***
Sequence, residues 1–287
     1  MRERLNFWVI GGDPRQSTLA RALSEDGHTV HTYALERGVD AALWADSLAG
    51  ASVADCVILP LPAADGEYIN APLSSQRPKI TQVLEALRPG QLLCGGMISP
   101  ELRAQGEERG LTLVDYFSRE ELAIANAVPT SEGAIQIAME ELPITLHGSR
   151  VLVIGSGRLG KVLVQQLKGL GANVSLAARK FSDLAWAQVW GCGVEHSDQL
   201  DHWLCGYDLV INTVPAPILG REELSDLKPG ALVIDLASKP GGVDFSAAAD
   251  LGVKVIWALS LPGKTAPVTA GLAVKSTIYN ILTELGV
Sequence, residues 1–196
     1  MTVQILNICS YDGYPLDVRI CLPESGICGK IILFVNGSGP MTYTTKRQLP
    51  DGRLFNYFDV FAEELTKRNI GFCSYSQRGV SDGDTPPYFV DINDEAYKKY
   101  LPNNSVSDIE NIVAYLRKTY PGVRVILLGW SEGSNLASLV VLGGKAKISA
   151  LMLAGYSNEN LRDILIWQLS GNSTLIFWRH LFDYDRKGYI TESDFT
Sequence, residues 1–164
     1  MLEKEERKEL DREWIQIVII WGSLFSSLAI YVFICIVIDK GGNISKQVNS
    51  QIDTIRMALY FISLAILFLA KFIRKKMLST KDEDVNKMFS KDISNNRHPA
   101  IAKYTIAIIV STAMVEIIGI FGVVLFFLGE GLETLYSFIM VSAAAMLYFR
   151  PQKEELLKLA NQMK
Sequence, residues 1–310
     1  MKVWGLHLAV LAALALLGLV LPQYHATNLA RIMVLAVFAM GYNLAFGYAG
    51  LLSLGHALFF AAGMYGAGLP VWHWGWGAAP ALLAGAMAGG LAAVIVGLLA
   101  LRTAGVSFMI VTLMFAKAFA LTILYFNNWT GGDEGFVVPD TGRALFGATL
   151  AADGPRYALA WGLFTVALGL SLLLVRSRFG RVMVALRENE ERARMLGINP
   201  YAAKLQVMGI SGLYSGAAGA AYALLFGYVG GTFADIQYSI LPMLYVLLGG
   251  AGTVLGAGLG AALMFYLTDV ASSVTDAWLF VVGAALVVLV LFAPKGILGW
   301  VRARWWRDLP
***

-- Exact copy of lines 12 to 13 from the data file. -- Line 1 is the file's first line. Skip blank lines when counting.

   151  LMLAGYSNEN LRDILIWQLS GNSTLIFWRH LFDYDRKGYI TESDFT
Sequence, residues 1–164